Different types of Positive airway pressure devices

Positive airway pressure devices (PAP) are common in treating sleep apnea at home and respiratory failure in hospitals. PAP machines work by gently blowing pressurized air through the airway to give the minimum amount of pressure to keep the throat open.

These machines only work during sleep obstructions due to the fact that all muscles relaxing, including ones in the throat. Since PAP machines are medical devices, all PAP units require a physician’s prescription and approval from the Food and Drug Administration (FDA). There are 3 types of PAP machines.

  • CPAP
  • APAP


BiPAP CPAP The continuous positive airway pressure machine, also known as CPAP, provides unobstructed breathing by delivering a constant stream of air through a hose connected to a nasal mask, nasal pillow or full-face mask.

The mask must secure to the face so that no air escapes. This constant level increases air pressure in the throat so the airway does not collapse during inhalations while sleeping.


APAP or automatic positive airway pressure machine circulates air in a range of set pressures, adjusting automatically on a breath-by-breath basis proving the minimum amount of pressure needed to keep airways open.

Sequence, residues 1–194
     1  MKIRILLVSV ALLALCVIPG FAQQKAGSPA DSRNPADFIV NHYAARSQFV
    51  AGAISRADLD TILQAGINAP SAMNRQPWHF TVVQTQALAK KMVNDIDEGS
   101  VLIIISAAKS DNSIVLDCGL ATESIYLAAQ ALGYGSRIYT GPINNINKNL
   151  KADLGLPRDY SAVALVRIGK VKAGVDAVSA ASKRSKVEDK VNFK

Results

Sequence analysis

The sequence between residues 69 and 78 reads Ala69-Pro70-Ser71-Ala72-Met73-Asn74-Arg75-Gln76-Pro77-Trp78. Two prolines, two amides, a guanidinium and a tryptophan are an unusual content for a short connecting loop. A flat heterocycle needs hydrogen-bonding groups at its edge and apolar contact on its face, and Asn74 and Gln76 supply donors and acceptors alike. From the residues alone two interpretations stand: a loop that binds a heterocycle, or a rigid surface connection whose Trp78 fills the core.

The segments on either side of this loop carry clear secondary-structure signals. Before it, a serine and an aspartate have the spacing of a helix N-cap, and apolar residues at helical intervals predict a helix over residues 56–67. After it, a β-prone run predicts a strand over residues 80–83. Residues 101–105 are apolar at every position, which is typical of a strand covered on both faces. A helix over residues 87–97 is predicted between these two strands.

This machine uses algorithms that sense subtle changes in breathing and fluctuates throughout the night, automatically adjusting to the patient’s need at that moment. APAP machines and adjusts itself to the best pressure setting at any time of the night.

CPAP and APAP machines can use the same prescription interchangeably.


Bilevel or variable level machines (BiPAP/VPAP) blows air in two levels, one for inhalation (IPAP) and one for exhalation (EPAP). This method is used in situations where marked difficulty breathing is present.

  • IPAP stands for inspiratory positive airway pressure which delivers a high level of pressurized air as the patient inhales.
  • EPAP or expiratory positive airway pressure delivers a lower level or pressure during exhalation. There are three settings:
  • S (Spontaneous) – Spontaneous mode circulates from IPAP to EPAP when the IPAP sensors identify spontaneous inspiratory effort.
  • T (Timed) – In timed mode, the circulation from IPAP to EPAP is solely machine-triggered and is set at a rate of breaths per minute.
  • S/T (Spontaneous/Timed) – This mode uses the spontaneous mode and timed mode conjunctively by initiating IPAP on the patient when inspiratory effort is detected. The timed mode auxiliary assures that the minimum number of breaths per minute is achieved even if they fail to breathe spontaneously.

BiPAP machines require a separate prescription from a CPAP.

CPAP and BiPAP machines must be monitored by doctors to ensure the right device and method is used to assist the patient breathe. This monitoring can determine which method is best for the patient and determine if the patient needs/can switch from one device.  Compared to other anti snoring devices, such as the SnoreRx and ZQuiet, these types of devices are much more expensive and require a prescription.

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